The view from the Grounds: Students talk diversity
|Learning al fresco — Students opted for the steps of the McIntire Amphitheatre last week rather than the conventional desks in most of their University classes. Here, they work on an assignment while enjoying the sunshine and fresh air.
The undergraduate experience
The sixth in an occasional series
By Dan Heuchert
Plug “diversity” into the search engine on the University’s home page, and in 0.09 seconds you come up with 29,200 hits.
Within that listing, one will find speakers and career days,
organizations and news articles, committees and cultural events, policies, programs and job listings — all related to the multiplicity of religious, ethnic and sexual identities expressed within the University community. There may not be another topic that more often is discussed, dissected and digested on Grounds.
But how does the diversity climate feel to students? Is any of this effort making a difference in their undergraduate experiences? It’s not an original question, but the answers are always as new as the person who
Nine students recently took some time out of a beautiful spring day to answer a few questions about their experiences with diversity at U.Va. The result is not scientifically valid, or even a representative sampling. Instead, it is a highly anecdotal snapshot of the opinions of nine randomly selected students with a little free time on their hands and a willingness to talk to a total stranger about a potentially thorny issue.
Drinking from the lake of diversity
Much of the news was good. No one said they felt unwelcome. All spoke of their appreciation for the opportunity to learn alongside — and from — people with other backgrounds. All were aware of programs that promoted the value of diversity.
Third-year Spanish major Danielle Varughese, an Indian American from Northern Virginia, said she appreciated “being able to learn from and have friends of different nationalities and backgrounds, different value systems and different ways of thinking.
“It makes me stronger in what I believe, and why I believe what I believe,” said Varughese, who is a member of both a Christian group and the Indian Student Association. “It’s a very solid learning experience.”
Second-year student Courtney Kook, a Korean American, noted that her Springfield high school was very diverse. “That makes things a lot more comfortable, especially when you meet new people, because the barrier of race is already gone. You already know how to communicate with people not like you. ... It’s so much more fun to have friends of different backgrounds.”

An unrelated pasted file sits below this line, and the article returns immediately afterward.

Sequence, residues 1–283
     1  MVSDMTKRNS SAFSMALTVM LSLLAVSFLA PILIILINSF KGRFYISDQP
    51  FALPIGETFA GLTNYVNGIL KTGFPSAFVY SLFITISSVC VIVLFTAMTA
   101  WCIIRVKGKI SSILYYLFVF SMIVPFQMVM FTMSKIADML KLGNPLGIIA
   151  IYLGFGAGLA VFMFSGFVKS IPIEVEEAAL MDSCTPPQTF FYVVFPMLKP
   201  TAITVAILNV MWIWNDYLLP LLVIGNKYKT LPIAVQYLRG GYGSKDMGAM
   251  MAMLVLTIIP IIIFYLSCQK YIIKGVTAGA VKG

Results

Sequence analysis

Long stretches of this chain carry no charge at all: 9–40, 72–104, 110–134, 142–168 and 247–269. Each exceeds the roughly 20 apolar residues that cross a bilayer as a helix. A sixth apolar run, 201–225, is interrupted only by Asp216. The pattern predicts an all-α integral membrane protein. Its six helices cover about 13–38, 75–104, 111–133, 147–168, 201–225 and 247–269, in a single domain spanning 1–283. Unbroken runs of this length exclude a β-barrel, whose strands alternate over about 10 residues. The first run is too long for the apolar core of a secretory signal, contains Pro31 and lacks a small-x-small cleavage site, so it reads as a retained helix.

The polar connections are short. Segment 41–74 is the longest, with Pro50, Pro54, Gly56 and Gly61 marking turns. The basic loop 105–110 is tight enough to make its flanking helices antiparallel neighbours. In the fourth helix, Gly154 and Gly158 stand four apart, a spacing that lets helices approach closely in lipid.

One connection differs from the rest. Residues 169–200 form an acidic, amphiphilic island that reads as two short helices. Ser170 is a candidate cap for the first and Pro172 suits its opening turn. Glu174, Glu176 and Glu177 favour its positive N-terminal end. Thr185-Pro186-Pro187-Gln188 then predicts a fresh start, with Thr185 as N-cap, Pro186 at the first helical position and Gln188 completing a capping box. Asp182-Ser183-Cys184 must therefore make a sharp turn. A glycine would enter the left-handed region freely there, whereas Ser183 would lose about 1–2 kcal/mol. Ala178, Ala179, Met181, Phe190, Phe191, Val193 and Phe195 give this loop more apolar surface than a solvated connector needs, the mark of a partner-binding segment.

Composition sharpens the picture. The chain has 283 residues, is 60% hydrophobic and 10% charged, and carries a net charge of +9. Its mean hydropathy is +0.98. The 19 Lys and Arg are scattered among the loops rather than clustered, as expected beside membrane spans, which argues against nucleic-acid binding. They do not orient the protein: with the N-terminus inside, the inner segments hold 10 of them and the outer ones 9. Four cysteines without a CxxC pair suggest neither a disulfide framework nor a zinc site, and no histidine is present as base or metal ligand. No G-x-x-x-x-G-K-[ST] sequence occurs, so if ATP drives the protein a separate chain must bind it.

But Varughese and almost all of her peers interviewed noted that, despite the abundance of programs and the presence of large numbers of nonmajority students — fully a third of the undergraduate population identifies itself as something other than “white American” — something is lacking.
“We have the ingredients for diversity,” Varughese said. “We just don’t mix them together.”
Brandi Sharp, an African-American first-year student from Roanoke, said pointedly, “Just because it looks diverse, it doesn’t mean it is.”
That’s not for a lack of effort, said third-year Aaron Jennings, an African American from Chesapeake. Referencing the old saying about being able to lead a horse to water, he said, “We have the lake here. We have an abundant source of water. But not everybody is drinking.”
That notion was echoed many times, with some degree of frustration. Yet no one advocated making diversity training mandatory for students, apparently feeling that being forced to attend could create a resentful backlash.
|Undergraduate enrollment by
classification (Fall 2004 headcount)
White American: 8,758 (66.7 percent)
Asian American: 1,390 (10.6 percent)
African American: 1,139 (8.7 percent)
Unclassified: 750 (5.7 percent)
Non-resident alien: 645 (4.9 percent)
Hispanic American: 425 (3.2 percent)
Native American: 33 (0.3 percent)
Reaching out, or staying in?
The University’s speckled enrollment has led to a proliferation of
identity-based student groups, which often seek to educate their peers about their respective cultures. But they also serve as safe havens for their members — havens from which some students are reluctant to venture.
Hana Sarsour, a second-year student with an Arab background from Springfield, is a member of the Muslim Student Association and the Arab Student Organization. Last year, she roomed with a Muslim acquaintance from back home, partially because of her religious observance of praying five times a day.
“Sometimes, if you live with someone who’s not from the same background, it makes them feel uncomfortable. And then I feel uncomfortable.”